Week twenty two: the end of a Latino era

Knowing that I have to resume real life all too soon, I have been thoroughly enjoying taking a holiday from my own brain. You know how the story goes: Girl meets boy; girl makes friends; girl makes everyone make her decisions for her. Aptly, in a city named after a river, I’ve been blissfully floating wherever the flow takes me.

Having said that, for this final week of my adventure, I had some very specific things left to tick off my list. These mostly involved climbing up tall things and dancing in the street at any chance I got (so pretty much just a repeat of everything the last 21 blog posts have detailed!)

First off, no self-respecting human could visit Rio and not head up to see Christ the Redeemer. Rising proudly over the city, atop mount Corcovado, we (somewhat foolishly) thought it a great idea to make our way there by foot. The mansion house and landscaped gardens at the entrance to the basecamp, Parque Lage, did nothing to prepare us for what lay ahead! Thick forest took us entirely away from the surrounding city and up an incalculably steep hill. Think less hiking, more hoisting yourself up a muddy trail using tree roots as handlebars, or, even at times, a chain to pull yourself up a sheer rock face. Exhausting, exhilarating, sweaty, but ultimately very rewarding.

Reaching the summit, we were surrounded by far less sweaty tourists who had enjoyed a nice train journey up; but I felt as though they hadn’t earned this moment and thus couldn’t possibly be as enthralled as I was. I was torn between which way to look: at the impressive view, at the looming wonder of the world, or simply at the obscene number of people taking snogging selfies! One can’t help but feel small, and a little humbled, by such a universally famous (and physically enormous) monument. (Plus there are great cafes at the top, serving all the deep fried goodness our work out had earned!)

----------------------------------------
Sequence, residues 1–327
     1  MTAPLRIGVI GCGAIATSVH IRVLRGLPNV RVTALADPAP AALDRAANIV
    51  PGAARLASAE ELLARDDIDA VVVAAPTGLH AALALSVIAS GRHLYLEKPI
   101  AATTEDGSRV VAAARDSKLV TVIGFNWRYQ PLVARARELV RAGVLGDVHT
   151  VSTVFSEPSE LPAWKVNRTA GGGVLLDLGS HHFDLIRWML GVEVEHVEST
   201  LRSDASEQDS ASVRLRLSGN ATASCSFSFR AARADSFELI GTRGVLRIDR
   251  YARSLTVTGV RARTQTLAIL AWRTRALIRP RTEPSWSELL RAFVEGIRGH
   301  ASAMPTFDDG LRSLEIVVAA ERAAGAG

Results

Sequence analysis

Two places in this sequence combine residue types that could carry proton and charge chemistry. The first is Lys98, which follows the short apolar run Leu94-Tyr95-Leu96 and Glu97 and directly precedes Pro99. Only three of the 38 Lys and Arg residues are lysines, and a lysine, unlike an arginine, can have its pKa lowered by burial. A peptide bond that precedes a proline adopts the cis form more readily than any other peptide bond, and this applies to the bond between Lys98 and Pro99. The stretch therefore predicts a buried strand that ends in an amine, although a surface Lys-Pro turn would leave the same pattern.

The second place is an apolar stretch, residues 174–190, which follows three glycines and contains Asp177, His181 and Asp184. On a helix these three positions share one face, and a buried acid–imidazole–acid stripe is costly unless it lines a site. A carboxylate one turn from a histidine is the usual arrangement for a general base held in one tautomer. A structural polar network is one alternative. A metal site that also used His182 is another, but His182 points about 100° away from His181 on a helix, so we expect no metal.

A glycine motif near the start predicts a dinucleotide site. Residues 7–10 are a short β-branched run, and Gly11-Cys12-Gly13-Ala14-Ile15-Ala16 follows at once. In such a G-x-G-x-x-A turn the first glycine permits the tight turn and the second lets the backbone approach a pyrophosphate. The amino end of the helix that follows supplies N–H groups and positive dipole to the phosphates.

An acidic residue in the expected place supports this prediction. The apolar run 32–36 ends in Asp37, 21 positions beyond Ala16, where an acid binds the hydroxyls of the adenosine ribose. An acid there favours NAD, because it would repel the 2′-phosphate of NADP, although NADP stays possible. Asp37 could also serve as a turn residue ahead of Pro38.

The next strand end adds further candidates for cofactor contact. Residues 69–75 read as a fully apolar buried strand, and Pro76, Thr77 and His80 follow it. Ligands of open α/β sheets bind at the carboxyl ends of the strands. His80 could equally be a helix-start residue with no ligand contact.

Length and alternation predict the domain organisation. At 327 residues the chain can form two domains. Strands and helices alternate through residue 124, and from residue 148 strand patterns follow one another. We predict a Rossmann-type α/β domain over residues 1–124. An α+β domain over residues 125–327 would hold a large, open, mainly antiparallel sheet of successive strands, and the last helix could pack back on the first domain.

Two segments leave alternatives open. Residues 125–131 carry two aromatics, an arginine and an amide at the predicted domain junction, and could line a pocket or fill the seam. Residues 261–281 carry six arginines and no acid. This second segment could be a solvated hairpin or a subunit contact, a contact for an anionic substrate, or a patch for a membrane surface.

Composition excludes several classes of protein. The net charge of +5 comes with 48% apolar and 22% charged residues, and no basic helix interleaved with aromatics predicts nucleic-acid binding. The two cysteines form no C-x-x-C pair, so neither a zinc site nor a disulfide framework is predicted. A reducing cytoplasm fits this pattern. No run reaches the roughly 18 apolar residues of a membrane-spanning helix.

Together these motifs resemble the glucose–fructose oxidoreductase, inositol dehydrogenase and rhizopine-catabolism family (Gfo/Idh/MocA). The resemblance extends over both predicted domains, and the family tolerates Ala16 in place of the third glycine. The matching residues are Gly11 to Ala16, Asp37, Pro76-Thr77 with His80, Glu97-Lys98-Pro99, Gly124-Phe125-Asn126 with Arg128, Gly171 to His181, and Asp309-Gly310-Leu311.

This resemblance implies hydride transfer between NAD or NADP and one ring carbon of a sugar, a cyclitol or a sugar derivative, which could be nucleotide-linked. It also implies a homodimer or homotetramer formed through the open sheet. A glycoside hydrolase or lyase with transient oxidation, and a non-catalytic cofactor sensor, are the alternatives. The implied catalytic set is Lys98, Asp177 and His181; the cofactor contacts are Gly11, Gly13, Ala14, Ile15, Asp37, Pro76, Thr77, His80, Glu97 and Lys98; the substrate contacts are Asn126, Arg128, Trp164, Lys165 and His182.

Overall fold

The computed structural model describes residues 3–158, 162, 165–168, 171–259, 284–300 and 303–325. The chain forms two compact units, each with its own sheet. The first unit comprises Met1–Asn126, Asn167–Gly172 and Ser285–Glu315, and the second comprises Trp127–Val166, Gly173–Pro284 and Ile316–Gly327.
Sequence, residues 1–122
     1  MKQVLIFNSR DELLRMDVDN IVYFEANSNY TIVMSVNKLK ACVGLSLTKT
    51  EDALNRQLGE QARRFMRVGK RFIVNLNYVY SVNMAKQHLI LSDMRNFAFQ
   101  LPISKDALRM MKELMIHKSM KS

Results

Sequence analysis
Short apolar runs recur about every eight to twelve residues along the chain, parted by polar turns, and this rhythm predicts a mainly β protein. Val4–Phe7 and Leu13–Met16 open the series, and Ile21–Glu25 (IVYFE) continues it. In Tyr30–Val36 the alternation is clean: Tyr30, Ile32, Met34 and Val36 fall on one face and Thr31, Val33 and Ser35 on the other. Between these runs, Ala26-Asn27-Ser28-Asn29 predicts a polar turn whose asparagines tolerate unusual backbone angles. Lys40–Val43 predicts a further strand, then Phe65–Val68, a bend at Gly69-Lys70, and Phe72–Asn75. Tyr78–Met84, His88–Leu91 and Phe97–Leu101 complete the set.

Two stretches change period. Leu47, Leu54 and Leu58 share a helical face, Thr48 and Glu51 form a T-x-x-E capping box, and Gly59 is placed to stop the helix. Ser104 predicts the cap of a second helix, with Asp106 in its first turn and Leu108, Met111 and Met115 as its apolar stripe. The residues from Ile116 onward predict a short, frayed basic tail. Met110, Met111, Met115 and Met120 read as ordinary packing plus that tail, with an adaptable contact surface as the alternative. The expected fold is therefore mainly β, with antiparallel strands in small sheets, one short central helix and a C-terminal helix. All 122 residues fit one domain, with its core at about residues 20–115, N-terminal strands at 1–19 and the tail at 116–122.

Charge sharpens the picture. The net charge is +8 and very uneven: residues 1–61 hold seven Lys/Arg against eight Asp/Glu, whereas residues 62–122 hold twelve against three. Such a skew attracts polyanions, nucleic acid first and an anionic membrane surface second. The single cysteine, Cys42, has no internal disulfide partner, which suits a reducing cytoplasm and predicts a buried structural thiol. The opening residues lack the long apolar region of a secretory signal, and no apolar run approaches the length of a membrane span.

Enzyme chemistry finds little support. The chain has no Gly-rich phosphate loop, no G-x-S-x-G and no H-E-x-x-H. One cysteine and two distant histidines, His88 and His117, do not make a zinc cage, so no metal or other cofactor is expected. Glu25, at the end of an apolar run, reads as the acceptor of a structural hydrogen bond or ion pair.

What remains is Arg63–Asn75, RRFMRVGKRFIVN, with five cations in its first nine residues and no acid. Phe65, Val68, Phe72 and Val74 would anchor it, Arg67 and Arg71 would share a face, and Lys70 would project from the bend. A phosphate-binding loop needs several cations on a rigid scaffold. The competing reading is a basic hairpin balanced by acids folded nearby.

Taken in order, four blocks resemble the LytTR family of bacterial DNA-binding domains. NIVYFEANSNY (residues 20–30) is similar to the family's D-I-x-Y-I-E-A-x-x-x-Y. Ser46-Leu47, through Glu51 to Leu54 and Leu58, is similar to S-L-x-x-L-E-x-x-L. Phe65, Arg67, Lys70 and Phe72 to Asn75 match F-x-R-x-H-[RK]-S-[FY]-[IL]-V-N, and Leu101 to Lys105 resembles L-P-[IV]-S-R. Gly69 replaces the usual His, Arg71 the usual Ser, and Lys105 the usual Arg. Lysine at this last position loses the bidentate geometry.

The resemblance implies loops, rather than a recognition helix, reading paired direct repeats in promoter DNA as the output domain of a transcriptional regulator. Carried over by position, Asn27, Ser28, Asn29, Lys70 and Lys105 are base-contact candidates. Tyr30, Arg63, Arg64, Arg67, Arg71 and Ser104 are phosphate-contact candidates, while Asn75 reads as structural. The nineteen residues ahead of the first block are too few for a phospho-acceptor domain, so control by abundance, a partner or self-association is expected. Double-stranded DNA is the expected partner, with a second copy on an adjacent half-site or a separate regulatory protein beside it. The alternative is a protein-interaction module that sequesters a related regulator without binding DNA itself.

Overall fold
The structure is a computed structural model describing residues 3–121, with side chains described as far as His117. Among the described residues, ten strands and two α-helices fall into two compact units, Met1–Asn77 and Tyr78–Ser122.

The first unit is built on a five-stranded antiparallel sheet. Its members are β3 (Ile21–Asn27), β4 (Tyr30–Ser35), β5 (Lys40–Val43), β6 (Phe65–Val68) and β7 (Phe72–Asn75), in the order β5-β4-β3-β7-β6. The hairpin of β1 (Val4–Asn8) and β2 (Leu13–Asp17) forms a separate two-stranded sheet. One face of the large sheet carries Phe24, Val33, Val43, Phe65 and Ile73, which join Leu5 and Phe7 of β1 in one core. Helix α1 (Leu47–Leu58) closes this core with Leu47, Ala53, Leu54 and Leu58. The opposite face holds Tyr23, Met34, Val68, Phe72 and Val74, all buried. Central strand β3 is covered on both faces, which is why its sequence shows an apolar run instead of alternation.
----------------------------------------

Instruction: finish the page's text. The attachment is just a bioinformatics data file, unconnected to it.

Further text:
Forever in the hunt for my next viewing platform, we also scaled the heights of the Sugarloaf mountain (in a cable car this time around!) Monkey-filled trees populate the peak of this dramatically protruding rock. Yet, much less rustic than our climb up Corcovado, there are a multitude of predetermined pathways to circumnavigate, offering 360 degree views of the city and sea sprawl. As with our trip to Christ however, we became acutely aware of our altitude thanks to the shift in weather; despite our first day of glorious sunshine for a while, the chilly wind whips around endlessly (and lifts skirts aplenty, be warned!)

After all of the climbing, much of the rest of the week focused on the beach and/or eating:

Despite the ever fluctuating weather, Copacabana and Ipanema continued to offer the perfect chill out spot. However, for a truly glorious spot to sit and watch the waves, I can recommend heading downtown, to Praça Mauá. Dominated by the spaceship-style building that houses the Museum of Tomorrow, this spot was a perfect remedy to the otherwise eerily quiet weekend streets. Those who weren’t ogling the architecture could enjoy skating, a live band, a spectacular sunset and unrivalled people watching. The only thing to detract from the buzz and romance of this spot are the security guards doing rounds on a Segway; the approaching sound is enough to snap even the most star-crossed, sunset-gazing lovers back to reality!